Ban on electronic equipment in Gumede case challenged
The media is challenging a court ban against the use of cellphones, laptops, and video and audio recordings in the corruption trial of former eThekwini mayor Zandile Gumede and 21 others.
Judge Sharmaine Balton previously gave a blanket ruling that, during the evidence of several municipal officers in the current leg of the trial, the media could only take written notes, reports News24.
Reporters have to leave their laptops and cellphones in a cardboard box outside the KZN High Court (Durban), where security officials, guard the devices.
Representing a number of broadcast media houses, Max Du Plessis, SC, lodged an opposed urgent application challenging Balton's 28 July order.
Du Plessis said it was unfair for the order to have been made without asking the media to make representations or ‘be part of it’.
He emphasised that continuous publicity and reporting were for the public benefit.
Gumede remains a public official in the KZN Legislature. She is a longtime senior ANC member and one of the party's most popular politicians.
The case involves allegations that R320m in public funds were siphoned out of the Durban Solid Waste (DSW) unit in the eThekwini Municipality.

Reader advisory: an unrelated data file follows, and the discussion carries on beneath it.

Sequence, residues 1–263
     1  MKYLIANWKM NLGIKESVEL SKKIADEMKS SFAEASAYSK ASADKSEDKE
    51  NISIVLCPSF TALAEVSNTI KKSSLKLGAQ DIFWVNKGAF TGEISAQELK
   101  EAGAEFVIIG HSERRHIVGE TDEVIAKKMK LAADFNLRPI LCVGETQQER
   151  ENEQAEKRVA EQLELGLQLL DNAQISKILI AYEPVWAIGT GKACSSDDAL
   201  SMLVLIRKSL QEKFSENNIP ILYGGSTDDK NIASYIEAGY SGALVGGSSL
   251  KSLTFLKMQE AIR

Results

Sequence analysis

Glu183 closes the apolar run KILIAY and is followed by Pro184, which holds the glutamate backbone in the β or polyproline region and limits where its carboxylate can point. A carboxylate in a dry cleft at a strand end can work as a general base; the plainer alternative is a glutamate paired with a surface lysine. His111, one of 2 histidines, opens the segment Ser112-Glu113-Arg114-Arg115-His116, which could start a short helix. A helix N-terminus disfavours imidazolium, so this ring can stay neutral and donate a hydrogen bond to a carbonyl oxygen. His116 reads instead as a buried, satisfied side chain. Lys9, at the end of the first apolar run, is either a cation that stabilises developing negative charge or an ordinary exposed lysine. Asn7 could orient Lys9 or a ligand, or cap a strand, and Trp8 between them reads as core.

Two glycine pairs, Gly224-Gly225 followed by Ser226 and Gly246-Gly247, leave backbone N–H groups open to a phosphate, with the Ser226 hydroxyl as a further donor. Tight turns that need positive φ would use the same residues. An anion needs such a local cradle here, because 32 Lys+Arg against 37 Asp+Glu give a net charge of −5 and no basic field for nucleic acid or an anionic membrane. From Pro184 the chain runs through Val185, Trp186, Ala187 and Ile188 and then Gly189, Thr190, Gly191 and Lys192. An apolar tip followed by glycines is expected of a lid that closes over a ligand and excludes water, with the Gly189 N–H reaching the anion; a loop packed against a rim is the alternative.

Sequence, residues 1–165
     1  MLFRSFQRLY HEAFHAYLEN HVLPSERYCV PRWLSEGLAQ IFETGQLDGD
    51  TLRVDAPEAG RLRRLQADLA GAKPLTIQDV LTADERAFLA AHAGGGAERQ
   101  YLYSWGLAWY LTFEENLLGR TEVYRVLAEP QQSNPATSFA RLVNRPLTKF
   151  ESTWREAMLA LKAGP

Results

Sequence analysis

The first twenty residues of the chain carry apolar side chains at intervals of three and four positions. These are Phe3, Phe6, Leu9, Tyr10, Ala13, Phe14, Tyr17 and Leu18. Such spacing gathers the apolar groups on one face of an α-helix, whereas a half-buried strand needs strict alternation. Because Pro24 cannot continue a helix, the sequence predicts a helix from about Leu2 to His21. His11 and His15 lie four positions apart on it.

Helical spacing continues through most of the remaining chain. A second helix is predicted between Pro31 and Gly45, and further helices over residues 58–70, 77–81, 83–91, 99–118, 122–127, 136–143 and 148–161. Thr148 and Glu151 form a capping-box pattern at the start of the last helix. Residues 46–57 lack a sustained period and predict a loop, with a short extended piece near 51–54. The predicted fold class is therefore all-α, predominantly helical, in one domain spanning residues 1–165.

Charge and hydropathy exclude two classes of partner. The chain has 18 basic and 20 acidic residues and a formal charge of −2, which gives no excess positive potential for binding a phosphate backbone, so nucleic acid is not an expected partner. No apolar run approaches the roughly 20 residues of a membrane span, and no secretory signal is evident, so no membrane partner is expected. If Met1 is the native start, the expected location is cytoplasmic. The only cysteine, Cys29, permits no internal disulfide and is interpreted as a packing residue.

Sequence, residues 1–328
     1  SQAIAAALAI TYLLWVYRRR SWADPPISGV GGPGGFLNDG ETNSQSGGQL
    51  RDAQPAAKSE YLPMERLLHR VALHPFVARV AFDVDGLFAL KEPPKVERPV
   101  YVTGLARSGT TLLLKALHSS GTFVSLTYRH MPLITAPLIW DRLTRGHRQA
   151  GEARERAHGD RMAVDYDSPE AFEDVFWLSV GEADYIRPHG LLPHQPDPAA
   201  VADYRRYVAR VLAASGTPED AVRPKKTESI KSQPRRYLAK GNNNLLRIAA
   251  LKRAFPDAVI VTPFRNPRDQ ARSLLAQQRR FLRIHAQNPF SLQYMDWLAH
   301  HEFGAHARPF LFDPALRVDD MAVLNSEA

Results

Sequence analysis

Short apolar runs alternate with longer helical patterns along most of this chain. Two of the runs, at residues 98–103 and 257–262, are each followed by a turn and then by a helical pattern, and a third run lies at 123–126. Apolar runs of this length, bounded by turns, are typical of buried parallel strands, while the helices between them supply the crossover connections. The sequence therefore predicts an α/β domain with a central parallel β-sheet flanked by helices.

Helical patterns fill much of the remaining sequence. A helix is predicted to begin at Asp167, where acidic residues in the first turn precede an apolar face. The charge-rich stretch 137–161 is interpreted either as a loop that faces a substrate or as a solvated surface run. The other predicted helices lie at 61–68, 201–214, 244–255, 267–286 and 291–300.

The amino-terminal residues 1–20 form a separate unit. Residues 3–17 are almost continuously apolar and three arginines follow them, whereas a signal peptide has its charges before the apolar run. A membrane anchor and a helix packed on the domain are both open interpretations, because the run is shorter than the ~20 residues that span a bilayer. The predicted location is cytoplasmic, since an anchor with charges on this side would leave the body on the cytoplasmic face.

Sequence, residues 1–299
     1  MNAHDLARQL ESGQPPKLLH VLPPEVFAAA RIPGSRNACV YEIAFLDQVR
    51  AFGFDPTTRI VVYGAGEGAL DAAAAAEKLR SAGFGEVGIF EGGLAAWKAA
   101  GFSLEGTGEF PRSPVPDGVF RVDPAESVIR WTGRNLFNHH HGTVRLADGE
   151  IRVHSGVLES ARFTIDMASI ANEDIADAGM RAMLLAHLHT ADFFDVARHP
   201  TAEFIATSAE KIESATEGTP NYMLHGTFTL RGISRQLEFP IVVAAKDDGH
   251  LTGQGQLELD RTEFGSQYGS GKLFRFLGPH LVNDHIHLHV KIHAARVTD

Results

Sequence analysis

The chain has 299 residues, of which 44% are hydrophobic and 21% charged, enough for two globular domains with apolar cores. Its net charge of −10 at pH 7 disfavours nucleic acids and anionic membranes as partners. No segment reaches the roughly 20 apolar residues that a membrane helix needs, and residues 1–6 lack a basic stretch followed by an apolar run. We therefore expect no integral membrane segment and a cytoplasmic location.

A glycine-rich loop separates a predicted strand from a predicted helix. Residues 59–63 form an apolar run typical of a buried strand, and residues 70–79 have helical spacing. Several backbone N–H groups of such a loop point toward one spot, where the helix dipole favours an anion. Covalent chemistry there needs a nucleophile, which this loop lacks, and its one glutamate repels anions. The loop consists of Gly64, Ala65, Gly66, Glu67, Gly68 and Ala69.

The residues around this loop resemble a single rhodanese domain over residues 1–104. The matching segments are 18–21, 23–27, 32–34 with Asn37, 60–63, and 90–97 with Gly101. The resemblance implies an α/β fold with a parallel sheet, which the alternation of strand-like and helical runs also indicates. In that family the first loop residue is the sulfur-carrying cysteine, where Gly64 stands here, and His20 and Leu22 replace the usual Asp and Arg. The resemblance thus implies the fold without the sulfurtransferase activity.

Du Plessis emphasised that it was an infringement on the media, which disseminates information for the public, to be limited to just handwritten notes.
He argued that it was not just about the rights of media houses, but the right of South Africans to know the process of the judiciary.
There is also a significant advantage to video recordings, Du Plessis argued.
‘Television is the best picture. Compared to written reports it is a significant advantage. Journalists here have been denied the tools of the trade.’
Du Plessis added that a blanket ruling on the current thread of witnesses did not protect them.
'Only media is muzzled, but everyone in court can identify who the witness is. There is a targeted approach to the media. Whoever is in that court is not barred from identifying any witness. There are other means of securing witnesses that are less restrictive.’
He added that the media didn't want to deny the right of protection for witnesses.
Article disclaimer: While we have made every effort to ensure the accuracy of this article, it is not intended to provide final legal advice as facts and situations will differ from case to case, and therefore specific legal advice should be sought with a lawyer.